Where have I been?

I really don’t know.

I’ve been focused on working on highly technical posts, nothing else has happened on this blog. Between researching and studying pronominal clitics and slowly and surely building up my morphological parser, I just haven’t had time for much else in my free time.

In terms of work, though, I am now officially employed at Logos Bible Software. Thus far, I’ve done a good bit of writing up descriptions for prepublicaiton books and collections. That’s been fun. It has been extremely nice not to have a job that I hate. Writing about books is much more up my alley than other things I’ve been doing for work over the past months. This is especially true since I’ve had the opportunity to write up pages for some awesome Greek books that deserve a wider reading than they currently receive.

Some of my favorites include:

W. F. Moulton’s translation of Georg Winer’s A Treatise on the Grammar of New Testament Greekone of the few pre-papyri grammars that continues to deserve close reading. Winer-Moulton’s discussion of word order and discontinuous phrases is particularly illuminating and is far superior to that of even Robertson.

A collection of Friedrich Blass’ works, including Thackeray’s translation of his New Testament grammar. Let me tell you, that grammar is a beautiful book. In a number of ways, I prefer it over BDF. The larger discussions in Blass-Thackeray are often far more helpful than the terse little bits that you get from BDF. Hot. I say. Hot.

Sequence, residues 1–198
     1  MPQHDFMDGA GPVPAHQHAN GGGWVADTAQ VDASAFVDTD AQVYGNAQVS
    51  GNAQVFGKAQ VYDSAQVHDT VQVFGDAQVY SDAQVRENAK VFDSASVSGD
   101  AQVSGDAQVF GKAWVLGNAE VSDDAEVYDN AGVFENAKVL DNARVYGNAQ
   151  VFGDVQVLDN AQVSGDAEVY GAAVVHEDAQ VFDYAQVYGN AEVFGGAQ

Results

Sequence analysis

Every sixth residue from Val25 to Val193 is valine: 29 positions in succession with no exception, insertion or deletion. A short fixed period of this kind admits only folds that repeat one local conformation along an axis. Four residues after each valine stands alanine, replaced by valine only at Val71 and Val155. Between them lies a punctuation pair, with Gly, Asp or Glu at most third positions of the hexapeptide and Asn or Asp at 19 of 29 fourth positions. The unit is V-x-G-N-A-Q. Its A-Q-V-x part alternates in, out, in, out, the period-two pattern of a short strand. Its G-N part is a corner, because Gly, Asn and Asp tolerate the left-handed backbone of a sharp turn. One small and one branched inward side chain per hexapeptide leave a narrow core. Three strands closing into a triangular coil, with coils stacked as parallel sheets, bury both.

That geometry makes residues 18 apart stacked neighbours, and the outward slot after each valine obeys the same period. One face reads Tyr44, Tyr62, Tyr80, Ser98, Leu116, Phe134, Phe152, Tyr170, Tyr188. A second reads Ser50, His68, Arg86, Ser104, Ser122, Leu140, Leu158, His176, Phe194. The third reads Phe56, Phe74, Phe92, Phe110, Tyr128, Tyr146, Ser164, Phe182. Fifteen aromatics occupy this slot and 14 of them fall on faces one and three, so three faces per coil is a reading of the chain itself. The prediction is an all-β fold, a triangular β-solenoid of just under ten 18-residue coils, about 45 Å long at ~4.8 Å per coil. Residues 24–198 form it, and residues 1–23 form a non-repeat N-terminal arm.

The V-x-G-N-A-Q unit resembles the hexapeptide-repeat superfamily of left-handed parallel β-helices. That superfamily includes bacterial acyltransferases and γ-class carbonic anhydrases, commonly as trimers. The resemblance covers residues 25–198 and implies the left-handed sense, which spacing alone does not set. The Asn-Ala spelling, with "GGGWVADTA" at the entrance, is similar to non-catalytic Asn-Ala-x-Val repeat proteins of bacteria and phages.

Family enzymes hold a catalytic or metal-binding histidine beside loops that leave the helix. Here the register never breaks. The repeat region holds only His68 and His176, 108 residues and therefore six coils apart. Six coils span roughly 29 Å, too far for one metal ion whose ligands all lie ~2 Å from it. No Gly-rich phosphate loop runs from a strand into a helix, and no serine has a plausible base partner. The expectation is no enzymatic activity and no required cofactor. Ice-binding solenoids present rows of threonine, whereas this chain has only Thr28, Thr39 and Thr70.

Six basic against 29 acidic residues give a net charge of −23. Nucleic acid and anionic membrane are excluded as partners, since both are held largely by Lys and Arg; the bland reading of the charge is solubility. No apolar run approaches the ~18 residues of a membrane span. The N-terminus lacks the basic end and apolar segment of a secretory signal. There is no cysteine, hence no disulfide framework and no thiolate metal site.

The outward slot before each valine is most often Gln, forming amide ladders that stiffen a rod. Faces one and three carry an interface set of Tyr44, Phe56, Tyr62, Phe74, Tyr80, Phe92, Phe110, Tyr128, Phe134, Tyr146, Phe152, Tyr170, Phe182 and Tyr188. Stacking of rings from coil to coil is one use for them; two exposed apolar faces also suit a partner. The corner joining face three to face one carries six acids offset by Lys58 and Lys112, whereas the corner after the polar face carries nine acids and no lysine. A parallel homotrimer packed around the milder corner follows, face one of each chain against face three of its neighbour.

William Simcox’s two volumes on the language and authors of the New Testament. Simcox and Robertson didn’t get along on a couple points, but Robertson consistently used him as a dialoging partner in his big grammar. His Writers of the New Testament is very cool in its inclusion of contemporary texts with commentary for comparison in an appendix.

I’m also excited about posting a couple more Greek books this coming week – Tregelles and James Hope Moulton, in particular. I’ll probably write about them when they arrive.

And for the record: No. I don’t get money for this. I just write about books and I had the change at work to write about some books that I’ve been wanting to see in Logos for at least four years. I’m writing because I’m excited that they’re coming finally.

Honorably mentioned (books I didn’t write about, but am equallyexcited to see produced digitally:

Adolf Deissmann New Testament Studies Collection (2 Vols.) — I shouldn’t need to say anything about this guy.

George Milligan Collection (3 Vols.) — Co-author of The Vocabulary of the New Testament with James Hope Moulton.

Georg Curtius Greek Studies Collection (4 Vols.) — did more to change the study of the Greek verb than anyone else in history. This is the ground breaking verbal aspect study.